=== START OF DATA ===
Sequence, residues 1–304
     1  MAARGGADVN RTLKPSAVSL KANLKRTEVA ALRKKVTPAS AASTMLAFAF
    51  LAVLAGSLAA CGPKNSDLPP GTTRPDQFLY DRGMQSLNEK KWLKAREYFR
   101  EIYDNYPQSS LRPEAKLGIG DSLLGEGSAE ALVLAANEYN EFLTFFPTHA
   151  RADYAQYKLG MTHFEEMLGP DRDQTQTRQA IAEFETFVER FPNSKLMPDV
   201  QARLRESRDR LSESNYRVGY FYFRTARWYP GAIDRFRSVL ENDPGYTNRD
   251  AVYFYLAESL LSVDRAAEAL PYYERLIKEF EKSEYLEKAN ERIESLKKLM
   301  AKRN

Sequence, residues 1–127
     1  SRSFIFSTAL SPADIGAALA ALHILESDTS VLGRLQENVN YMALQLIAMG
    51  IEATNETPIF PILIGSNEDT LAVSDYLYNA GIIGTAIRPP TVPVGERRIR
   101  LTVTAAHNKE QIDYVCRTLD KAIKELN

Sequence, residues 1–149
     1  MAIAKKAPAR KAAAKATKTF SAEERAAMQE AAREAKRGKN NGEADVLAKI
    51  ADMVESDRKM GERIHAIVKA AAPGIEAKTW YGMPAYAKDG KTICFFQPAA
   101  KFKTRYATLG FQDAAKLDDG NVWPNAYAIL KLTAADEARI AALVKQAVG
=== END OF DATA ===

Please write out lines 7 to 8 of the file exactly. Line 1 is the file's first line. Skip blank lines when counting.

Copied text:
   251  AVYFYLAESL LSVDRAAEAL PYYERLIKEF EKSEYLEKAN ERIESLKKLM
   301  AKRN